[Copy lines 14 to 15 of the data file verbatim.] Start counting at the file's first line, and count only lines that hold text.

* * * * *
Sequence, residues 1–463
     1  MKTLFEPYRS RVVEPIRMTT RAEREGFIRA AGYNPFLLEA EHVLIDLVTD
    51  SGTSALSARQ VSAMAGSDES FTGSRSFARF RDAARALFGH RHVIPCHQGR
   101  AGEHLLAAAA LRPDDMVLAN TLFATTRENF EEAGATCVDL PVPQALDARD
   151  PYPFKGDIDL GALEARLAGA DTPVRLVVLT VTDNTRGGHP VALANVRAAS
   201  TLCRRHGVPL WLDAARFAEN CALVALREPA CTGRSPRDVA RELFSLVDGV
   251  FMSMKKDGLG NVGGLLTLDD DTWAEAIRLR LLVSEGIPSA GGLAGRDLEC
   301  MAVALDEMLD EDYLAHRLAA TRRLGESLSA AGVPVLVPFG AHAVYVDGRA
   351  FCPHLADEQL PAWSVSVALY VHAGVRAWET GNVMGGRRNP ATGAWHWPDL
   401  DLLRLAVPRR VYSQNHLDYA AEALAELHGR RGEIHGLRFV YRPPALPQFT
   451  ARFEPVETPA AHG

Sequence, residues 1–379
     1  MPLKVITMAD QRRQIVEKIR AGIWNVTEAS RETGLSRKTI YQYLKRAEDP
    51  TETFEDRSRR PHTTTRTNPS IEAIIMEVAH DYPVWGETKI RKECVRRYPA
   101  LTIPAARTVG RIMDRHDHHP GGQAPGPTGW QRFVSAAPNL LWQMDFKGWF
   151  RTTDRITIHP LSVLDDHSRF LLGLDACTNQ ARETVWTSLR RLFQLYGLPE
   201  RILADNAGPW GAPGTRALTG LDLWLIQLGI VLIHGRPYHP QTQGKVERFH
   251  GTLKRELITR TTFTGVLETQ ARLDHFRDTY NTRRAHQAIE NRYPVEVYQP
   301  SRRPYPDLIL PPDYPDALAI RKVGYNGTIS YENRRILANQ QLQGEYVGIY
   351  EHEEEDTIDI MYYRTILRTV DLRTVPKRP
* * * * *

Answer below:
    51  TETFEDRSRR PHTTTRTNPS IEAIIMEVAH DYPVWGETKI RKECVRRYPA
   101  LTIPAARTVG RIMDRHDHHP GGQAPGPTGW QRFVSAAPNL LWQMDFKGWF